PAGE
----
Tuesday, August 28, 2018

Communications 101

Communications 101 seems to be changing.  We watch quite a few British mysteries. Many take place in or around villages scattered about the Islands of Great Britain.  I suppose it is but one of many reasons we love watching these shows. Partly, we love mysteries. But also, the British mysteries seem to be as much about the place and the interesting characters, as the whodunit. One of the shows we watched the other evening took place in a village. As one of the cops is interviewing one of many villagers, the fellow comments about the death at issue. He knows some of the details, and the copper asks, “how did you know that?” The fellow responds, “Oh, it’s all over the village. Everyone knows.” And that characterizes much of village life, as portrayed in these shows. And it isn’t that the shows are supposed to be taking place in 1840. No, they are relatively modern, say the 1990s.  Yet, it seems clear that a prime characteristic of village life is that folks talk with one another—men mostly at the village pub (and there is always a village pub) and the women sometimes there, but often at other social gatherings. But the main thing is that village folks talk with one another as the dominant means of communication.  Nothing much happens within the village that isn’t known throughout the village quickly.

Now this communications method could be a function of life in British small towns, but I rather think it is/was life in small towns everywhere, i.e., life before the Internet.  That is, people used to talk with one another about life in the neighborhood. As I said, people spoke often within their village pub, or at church coffees, sewing circles, or the farm markets.  Because everyone remained interested in things of and about the village, which was often the center of local conversations, as distinct from, say, whether the Labor party head had really said that Brexit was a fraud.

Then, enter social media.  And two things begin to occur within the context of social media. First, the conversations about village life stop being the center of conversation. Instead, what Nigel Farage said about how his previous comments about Brexit were obviously not meant to be taken seriously, or whether Donald Trump actually said that if he were to be impeached, the stock market would crash and everyone would become poor.

And then, the next thing that occurs is that folks begin to form little groups based on what they think/believe about what is being said somewhere else—the silos form. And even though folks may have held disparate views about life in the village, or who was shagging who, mainly then, they still talked with one another, and maybe even argued about various village life affairs. Now, they simply align themselves with other folks, most of whom they do not even know, and their views become hardened by the apparent support of these others whom they do not know.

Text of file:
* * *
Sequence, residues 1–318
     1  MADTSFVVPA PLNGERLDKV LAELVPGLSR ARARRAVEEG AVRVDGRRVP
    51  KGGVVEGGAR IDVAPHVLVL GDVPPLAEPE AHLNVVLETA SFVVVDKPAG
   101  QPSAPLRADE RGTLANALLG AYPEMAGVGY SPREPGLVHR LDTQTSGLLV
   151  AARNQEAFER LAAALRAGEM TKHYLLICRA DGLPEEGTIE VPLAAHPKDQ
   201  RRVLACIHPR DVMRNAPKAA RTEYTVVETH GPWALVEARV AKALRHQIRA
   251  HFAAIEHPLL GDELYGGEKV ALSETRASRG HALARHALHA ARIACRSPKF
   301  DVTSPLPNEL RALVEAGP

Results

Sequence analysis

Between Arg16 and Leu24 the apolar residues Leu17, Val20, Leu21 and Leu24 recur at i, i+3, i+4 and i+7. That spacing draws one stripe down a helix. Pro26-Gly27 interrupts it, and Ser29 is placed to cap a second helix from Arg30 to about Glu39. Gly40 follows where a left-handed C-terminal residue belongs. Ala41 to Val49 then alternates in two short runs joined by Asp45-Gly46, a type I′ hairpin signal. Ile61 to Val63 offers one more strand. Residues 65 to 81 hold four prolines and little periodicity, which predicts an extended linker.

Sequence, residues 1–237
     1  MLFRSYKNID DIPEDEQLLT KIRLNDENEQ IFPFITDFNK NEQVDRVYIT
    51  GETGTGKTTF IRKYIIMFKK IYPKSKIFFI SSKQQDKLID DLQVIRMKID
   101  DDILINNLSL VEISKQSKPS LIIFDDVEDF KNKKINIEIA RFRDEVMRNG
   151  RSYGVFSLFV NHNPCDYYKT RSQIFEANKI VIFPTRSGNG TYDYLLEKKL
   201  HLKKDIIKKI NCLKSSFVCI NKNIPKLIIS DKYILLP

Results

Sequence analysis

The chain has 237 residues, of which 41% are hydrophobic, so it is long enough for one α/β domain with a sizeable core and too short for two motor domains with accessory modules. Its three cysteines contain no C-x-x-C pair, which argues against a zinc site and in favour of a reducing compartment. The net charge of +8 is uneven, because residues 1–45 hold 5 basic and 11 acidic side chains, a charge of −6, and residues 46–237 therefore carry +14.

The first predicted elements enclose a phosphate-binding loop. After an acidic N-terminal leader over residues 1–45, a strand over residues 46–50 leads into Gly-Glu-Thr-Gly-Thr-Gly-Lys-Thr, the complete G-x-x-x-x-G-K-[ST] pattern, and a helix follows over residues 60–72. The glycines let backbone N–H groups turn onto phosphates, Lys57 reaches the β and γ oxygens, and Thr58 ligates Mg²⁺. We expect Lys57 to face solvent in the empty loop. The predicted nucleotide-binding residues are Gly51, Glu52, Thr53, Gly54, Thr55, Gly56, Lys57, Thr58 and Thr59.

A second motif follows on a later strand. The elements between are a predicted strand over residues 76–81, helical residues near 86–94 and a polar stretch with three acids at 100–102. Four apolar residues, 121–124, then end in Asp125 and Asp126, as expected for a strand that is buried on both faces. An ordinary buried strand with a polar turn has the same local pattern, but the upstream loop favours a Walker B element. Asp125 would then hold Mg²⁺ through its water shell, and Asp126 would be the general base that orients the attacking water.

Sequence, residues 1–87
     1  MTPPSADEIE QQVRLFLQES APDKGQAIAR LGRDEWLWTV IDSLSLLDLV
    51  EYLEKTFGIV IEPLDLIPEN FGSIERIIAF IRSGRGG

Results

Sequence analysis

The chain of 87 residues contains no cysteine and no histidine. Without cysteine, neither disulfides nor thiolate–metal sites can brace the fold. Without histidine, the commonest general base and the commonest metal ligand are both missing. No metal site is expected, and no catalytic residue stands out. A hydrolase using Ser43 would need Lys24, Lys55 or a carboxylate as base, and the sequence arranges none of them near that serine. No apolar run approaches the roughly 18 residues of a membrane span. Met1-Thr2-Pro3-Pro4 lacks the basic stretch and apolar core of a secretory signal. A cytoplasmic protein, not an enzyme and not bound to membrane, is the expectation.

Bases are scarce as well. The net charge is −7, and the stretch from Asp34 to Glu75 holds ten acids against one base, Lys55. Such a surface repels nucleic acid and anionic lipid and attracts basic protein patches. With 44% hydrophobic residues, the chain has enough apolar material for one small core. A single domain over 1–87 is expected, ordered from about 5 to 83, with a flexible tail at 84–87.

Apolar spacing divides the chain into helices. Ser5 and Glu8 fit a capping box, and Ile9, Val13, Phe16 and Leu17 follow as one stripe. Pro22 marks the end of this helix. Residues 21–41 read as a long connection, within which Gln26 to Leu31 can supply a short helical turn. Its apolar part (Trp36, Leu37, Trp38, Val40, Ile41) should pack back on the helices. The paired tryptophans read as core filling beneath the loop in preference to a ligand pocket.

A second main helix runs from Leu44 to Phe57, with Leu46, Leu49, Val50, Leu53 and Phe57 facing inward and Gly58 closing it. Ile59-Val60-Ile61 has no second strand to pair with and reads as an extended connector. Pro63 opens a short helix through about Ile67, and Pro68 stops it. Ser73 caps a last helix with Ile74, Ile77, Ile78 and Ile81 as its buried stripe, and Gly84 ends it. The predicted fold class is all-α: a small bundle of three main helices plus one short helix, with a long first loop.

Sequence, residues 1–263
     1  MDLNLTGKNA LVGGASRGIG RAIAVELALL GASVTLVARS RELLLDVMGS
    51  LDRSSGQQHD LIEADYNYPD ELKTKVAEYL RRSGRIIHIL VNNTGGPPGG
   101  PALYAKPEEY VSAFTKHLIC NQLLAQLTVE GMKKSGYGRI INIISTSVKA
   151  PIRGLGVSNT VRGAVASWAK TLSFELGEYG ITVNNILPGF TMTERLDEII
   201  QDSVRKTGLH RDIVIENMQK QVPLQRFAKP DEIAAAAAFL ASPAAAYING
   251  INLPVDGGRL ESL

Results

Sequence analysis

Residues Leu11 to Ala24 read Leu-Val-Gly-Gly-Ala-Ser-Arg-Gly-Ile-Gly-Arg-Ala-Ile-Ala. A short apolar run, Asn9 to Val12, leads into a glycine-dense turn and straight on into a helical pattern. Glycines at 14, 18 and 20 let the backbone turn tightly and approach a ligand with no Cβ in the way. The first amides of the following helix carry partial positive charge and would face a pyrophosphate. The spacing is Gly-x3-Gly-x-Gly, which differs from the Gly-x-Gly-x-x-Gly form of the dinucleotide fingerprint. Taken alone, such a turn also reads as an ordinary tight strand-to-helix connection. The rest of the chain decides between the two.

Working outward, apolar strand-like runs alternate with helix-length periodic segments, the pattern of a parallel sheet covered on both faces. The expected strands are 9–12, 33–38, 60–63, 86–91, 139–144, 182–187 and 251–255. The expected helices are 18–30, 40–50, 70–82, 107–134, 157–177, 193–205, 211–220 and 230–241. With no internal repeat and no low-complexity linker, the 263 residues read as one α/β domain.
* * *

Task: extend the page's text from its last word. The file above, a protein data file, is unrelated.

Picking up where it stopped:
Now, we do not really live in a little village in Great Britain, or even within these here now United States. Oh, we live in a village, Concord by name, but that village is no longer a real village. The former village is now but a cluster of homes, surrounded by as far as the eye can see by similar clusters of slightly newer homes, and occupied by people who look outside the village for employment and for entertainment.  The village is no longer the draw it used to be, and even the village pub is not quite what it once was.  Oh, some village folks still gather occasionally at the pubs, but the gatherings now differ in kind and population.  And the conversations are different now, with village life being but a minor aspect of the conversations.

The new forms of communication represent a kind of unraveling of village life.  Even if the villages still exist (at least here in the USA) the folks who occupy them seem different in outlook and background, with relatively fewer being stock of “the old guard”. Folks now drift in and out of these villages, and the communications no longer seem to be of and about the village.  The silos remain and, although villagers still say howdy when they encounter one another, the communication largely ends with the howdy.

Now, assuming my characterization is even remotely accurate, does it matter at all, in any important aspect? Well, I think we have begun losing something. It occurs to me that we used to have a body of personal issues that we shared as village neighbors, or perhaps just as neighbors. Growing up next to one another, we understood each other by shared history, and even shared likes and dislikes.  Now, the village is fading as a centerpiece of our culture, and it seems not to be replaced by anything. Social media does not substitute for a common understanding based on shared culture and history. Oh, we might identify with one another by our silo sharing, but the silos are often shallow places and limited in content and perspective.  We love or hate MAGA, or Donald Trump, or the NRA, or gays, or abortion, but those issues tend not to hold the same weight as what we have lost in terms of village life and culture.  And I wonder what we are losing in terms of being British, or American, or French, or Canadian?  Donald Trump seems to violate almost every value we hold as Americans. Yet his folks continue to love him. How can that be? Would the “villagers of old” have been better able to form opinions based on their village identity and their view of their village as a part of their country?  Actually, I think perhaps they might have. I like to hope it is still possible to retrieve these shared values communications, and that by crawling out of our respective silos, we might regain some of our humanity.

Tuesday, August 7, 2018

The End of Forever